The second step involves doing your research. Make sure that your club follows through on these background checks and the information they receive. It can be difficult to tell a mom or dad who has given hours of volunteer time to the club that they have been identified as an at-risk adult. But clubs need to be diligent while being discrete. The protection of the children in the club has to take precedence over the protection of a friend of the club president. While not every potential risk can be identified, it's very important that those who are get removed from working with kids. Clubs must also make it clear that they will not tolerate any abusive behavior from anyone, including but not limited to verbal, physical, bullying and sexual acts. They should issue a code of conduct for parents, coaches, and administrators that make the limits clear as well as the consequences for crossing the line. I'm sure we've all witnessed our share of sideline abuse from overeager parents who feel that belittling players will somehow make them work harder. We've also experienced that coach whose idea of motivation is to scream obscenities and demeaning comments. While not as egregious as the alleged actions at Penn State, such behavior can still have a lasting and serious impact on our kids. So be sure that your club takes this conduct seriously and has provisions in place to deal with it. Even older teenagers can be negatively impacted by being debased. So don't tolerate a board's attitude that the kids need to toughen up. You pay the club good money to teach your kids soccer not to lower their self-esteem.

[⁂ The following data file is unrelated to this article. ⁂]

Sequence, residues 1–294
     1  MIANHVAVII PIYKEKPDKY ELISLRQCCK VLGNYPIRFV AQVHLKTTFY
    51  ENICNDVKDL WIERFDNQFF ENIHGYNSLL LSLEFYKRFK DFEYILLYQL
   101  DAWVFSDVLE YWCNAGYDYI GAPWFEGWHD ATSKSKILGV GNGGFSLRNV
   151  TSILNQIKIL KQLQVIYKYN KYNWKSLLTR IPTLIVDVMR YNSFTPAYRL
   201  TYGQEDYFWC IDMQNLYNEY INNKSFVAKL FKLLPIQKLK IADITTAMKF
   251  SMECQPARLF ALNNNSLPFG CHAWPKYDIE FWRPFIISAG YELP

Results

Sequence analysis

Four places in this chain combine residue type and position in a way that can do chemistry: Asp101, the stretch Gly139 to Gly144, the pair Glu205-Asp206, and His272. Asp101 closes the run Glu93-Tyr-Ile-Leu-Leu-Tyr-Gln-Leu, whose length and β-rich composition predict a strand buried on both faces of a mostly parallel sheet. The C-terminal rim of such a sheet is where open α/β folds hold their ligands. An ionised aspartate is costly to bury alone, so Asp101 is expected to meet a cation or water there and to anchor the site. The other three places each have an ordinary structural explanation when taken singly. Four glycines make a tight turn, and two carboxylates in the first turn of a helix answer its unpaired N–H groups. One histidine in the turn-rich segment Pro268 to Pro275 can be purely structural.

Finally, we need to support our children through education, intervention, and love. Be sure that they know they can tell you anything and that you will listen. That also means educating our children without alarming them on situations which can arise. There are several good organizations and websites with information you can use. Parents.com, for example, regularly addresses this issue. There's a book called "The Right Touch" for very young children. But the main thing is to let children know that they should never accept a gift or a ride from any person (friend or stranger) unless they get your permission first. While the evil threat of some roving sex offender haunts us, the more real threat is what allegedly happened at Penn State. A person in authority who has control over children and the trust of the parents uses that authority and trust to commit harm. Teach kids what boundaries they have the right to maintain, and if those boundaries are ever crossed, they need to tell you immediately.